Also let the Nerd make clear: this ain't no Halloween-is-coming post either. Just like I don't need a holiday to drink a bunch of booze, I don't need a holiday to make me like horror either. Both are great any time of year.

Off Season, Ketchum's first novel (now available uncut and uncensored!) from 1980, proves that Ketchum has had those globe-sized balls since the beginning of his career. If you like your thrills with a gigantic fucking safety net, then you best leave this one to the fucking professionals.

Off Season tells the story of three NYC couples who go to a remote cabin in coastal Maine for a week of sex and drinking, only be preyed upon by a feral family of cannibals that live in a cave.

Seriously - that's all there is to it. Sounds like the plot of a forgettable horror film that you pop in late and pass out before it ends, never bothering the next morning to see what you missed. But Ketchum makes that shit come alive, dear reader, alive in ways you probably didn't want to ever think about.

Essentially, this is the ultimate Deliverance-style story. You take a bunch of realistic, recognizable characters with common insecurities and problems then throw them into the most extreme situation imaginable and watch all that petty shit melt away till nothing is left but the will to survive. In addition to the struggle of the couples, Ketchum also sheds some light on the lives of the in-bred cannibals, even dropping almost plausible hints as to how such a clan has managed to stay hidden and fed for so long.

Like most of Ketchum's work, there's no supernatural shit going on in Off Season if that kinda stuff bothers you. Basically, this is a disgusting, agonizing story story told breathlessly and without compromise. After all the players are laid out for us, the attack goes down and the second half of the book takes place over just a few hours and good fucking God is it hard to put this beast down once you're in the shit. For a book with a shit-ton of action and suspense, you're never less than completely clear about what's going on and how while also never skipping ahead because you're bogged down in details. You ever notice how in a suspense sequence, authors will always over-explain shit to the point where it takes a lot of will-power to not just skip ahead to see what the outcome of the scene is? That shit never happens with Ketchum, dude is always on-the-money.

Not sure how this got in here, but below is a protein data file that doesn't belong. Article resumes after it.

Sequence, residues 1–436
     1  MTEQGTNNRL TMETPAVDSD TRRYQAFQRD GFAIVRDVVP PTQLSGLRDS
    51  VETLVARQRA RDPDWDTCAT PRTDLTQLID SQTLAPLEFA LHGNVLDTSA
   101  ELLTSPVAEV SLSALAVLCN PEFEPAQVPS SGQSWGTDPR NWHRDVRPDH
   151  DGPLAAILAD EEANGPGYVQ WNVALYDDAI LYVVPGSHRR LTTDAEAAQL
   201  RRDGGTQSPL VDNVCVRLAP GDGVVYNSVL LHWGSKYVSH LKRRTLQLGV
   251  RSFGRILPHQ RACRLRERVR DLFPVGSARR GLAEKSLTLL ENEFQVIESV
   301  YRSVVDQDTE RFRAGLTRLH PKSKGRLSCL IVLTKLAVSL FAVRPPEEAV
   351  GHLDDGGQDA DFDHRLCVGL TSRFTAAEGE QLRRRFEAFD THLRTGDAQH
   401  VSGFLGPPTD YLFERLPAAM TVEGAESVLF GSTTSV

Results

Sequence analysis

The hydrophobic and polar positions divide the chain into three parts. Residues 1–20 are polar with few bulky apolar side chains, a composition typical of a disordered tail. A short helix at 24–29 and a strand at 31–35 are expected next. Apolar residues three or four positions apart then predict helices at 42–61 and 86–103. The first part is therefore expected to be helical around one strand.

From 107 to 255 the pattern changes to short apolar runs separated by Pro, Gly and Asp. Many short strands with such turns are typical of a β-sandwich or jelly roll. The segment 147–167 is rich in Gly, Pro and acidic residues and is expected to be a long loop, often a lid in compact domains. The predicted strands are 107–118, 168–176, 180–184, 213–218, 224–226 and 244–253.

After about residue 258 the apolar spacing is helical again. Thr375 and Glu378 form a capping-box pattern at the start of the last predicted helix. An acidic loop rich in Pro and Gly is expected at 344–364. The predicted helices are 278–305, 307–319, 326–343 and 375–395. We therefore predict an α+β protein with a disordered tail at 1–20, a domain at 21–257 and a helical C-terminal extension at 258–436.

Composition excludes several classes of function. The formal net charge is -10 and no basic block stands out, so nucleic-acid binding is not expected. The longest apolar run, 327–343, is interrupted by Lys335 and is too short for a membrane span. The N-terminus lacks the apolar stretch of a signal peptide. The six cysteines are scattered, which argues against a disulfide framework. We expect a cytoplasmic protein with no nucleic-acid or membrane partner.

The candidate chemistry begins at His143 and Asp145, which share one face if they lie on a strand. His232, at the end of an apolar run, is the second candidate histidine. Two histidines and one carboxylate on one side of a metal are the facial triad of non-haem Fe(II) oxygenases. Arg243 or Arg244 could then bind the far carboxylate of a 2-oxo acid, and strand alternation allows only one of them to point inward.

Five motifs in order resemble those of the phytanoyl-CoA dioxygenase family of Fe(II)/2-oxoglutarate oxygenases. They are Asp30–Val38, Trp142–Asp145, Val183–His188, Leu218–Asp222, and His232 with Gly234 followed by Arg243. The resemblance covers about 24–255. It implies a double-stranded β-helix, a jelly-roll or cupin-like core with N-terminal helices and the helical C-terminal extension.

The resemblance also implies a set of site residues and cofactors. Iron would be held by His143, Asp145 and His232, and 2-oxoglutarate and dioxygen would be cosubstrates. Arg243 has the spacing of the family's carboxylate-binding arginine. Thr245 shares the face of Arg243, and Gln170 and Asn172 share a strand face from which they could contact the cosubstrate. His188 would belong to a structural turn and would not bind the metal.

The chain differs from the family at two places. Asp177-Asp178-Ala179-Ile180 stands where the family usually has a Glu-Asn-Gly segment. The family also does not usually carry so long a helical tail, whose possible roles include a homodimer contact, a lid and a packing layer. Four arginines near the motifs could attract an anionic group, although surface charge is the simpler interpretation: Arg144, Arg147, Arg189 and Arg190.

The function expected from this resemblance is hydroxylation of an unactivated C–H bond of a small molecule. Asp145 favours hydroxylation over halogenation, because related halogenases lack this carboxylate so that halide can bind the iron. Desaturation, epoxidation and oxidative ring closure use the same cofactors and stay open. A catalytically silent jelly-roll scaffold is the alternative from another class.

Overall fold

And according to an afterword by Ketchum in the edition I read (Leisure Books June 2006 edition), the original version of Off Season did not have the perfect, devastatingly bleak ending that the current version does. So if you read this book years ago, I strongly suggest you pick it up again. You gotta admire a book that, in addition to being cannibals raping, cooking and eating people, manages to have an even more dire climax than you could have ever imagined.